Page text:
Public release date: 30-Apr-2008
Several herbs with diversified pharmacological properties are known to be rich sources of chemical constituents that may have potential for the treatment of several human cancers. Data from the Department of Preclinical Science, Faculty of Medicine, Thammasat University, demonstrates that the growth inhibitory activity of doxorubicin or cisplatin, as single agents, may be modified in combination with emblic myrobalan or belleric myrobalan extracts and may be synergistically enhanced in some cases.
An article to be published on March 14, 2008, in the World Journal of Gastroenterology demonstrates the combination of effective phytochemicals with chemotherapeutic agents. A study was conducted by Khosit Pinmai of Thammasat University, in which he evaluated the interaction of myrobalan extracts with chemotherapeutic drugs on cancer cell growth by isobologram and the combination index (CI) method of Chou-Talalay.
Several studies have shown that doxorubicin and cisplatin have harmful effects on health and can lead to the development of primary and secondary drug resistance in tumor cells, thereby limiting the clinical success of cancer chemotherapy. Recent reports show that combination chemotherapy is a superior modality and that naturally occurring dietary supplements with known anti-cancer properties could be used in combination chemotherapy to reduce the systemic toxicity of chemotherapeutic agents.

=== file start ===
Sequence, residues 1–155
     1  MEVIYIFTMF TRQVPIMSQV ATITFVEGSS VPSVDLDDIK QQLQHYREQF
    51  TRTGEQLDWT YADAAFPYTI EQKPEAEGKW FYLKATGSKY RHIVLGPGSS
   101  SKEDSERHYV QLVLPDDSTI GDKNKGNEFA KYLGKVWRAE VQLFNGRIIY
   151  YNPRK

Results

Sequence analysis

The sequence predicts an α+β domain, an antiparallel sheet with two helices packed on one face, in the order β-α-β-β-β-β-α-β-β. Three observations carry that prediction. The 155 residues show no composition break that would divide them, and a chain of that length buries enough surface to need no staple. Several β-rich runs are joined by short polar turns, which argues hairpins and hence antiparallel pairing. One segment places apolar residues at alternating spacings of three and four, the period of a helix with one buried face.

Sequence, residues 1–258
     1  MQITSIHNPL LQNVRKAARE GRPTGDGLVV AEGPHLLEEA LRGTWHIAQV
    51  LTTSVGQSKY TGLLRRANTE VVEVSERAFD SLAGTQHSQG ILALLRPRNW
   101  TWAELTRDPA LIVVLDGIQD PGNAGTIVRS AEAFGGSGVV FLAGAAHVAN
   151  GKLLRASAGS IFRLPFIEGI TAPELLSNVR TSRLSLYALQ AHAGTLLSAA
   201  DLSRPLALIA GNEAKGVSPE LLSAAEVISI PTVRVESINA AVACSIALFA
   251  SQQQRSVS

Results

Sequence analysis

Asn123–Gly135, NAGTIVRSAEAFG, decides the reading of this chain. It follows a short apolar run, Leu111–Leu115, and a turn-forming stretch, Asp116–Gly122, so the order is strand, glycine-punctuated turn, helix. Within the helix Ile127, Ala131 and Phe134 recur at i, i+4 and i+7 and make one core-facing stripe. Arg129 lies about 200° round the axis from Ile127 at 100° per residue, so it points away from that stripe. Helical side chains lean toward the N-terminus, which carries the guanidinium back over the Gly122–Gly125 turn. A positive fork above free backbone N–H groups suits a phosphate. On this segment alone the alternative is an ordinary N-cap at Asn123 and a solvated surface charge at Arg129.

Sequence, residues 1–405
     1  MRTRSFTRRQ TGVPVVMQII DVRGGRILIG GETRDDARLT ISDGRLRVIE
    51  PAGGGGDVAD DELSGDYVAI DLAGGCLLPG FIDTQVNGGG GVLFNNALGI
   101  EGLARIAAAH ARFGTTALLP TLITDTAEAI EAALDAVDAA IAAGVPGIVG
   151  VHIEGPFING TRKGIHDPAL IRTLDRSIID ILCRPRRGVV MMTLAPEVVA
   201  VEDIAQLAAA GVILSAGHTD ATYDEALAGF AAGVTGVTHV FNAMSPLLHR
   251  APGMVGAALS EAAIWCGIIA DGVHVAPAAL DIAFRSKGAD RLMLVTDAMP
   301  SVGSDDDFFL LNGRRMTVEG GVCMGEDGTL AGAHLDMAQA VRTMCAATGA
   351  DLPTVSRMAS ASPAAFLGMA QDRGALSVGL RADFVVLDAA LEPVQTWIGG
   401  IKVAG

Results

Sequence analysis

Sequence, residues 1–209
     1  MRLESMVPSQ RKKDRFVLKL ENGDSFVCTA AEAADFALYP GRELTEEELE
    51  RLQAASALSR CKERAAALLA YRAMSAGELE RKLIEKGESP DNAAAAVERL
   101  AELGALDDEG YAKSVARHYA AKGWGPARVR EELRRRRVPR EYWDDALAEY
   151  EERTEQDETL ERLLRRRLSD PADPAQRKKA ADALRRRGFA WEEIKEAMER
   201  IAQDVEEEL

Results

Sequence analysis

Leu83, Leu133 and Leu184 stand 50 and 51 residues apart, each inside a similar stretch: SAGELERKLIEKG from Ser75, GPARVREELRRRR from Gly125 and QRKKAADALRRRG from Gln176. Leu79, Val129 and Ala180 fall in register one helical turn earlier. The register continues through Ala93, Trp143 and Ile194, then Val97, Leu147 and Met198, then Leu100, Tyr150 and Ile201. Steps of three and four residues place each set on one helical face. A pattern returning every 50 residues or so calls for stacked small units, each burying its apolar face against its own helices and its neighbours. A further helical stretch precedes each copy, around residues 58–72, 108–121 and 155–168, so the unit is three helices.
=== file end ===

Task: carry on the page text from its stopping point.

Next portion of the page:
The study provides corroborative evidence, as it shows that emblic myrobalan and belleric myrobalan extracts were selectively toxic against two cancer cell lines and that in combination with doxorubicin and cisplatin produced an increased growth inhibitory effect in both hepatocellular carcinoma (HEpG2) and lung cancer (A549) cells. When using synergistic drug combinations at corresponding dose levels, the calculation of the dose reduction index (DRI) at the IC50 demonstrated possible reductions in doxorubicin concentrations for the drug combinations, ranging from 1.64-fold (myrobalan + doxorubicin in A549) to 4.69-fold (myrobalan + doxorubicin in HEpG2). The dose reduction level was different and specific to each combination and cell line. These findings support the hypothesis that combinations of plant extracts and chemotherapeutic agents allow a reduction in the dosage of the latter (e.g., doxorubicin and cisplatin), while retaining the benefits but minimizing the cytotoxic effects, thus enhancing therapeutic efficacy.
In the view of the authors, the mechanism of interaction between myrobalan extracts and chemotherapeutic drugs is unclear, and it is possible that multiple compounds in the myrobalan extracts are involved. Previously, phytochemical studies have shown that myrobalan contains a variety of chemical components, including hydrolysable tannins (e.g., emblicanin, gallic acid and ellagic acid).
Further studies are needed to assess the underlying mechanism(s) and signal transduction pathways leading to growth inhibition induced by single agents and combinations both in vitro and in vivo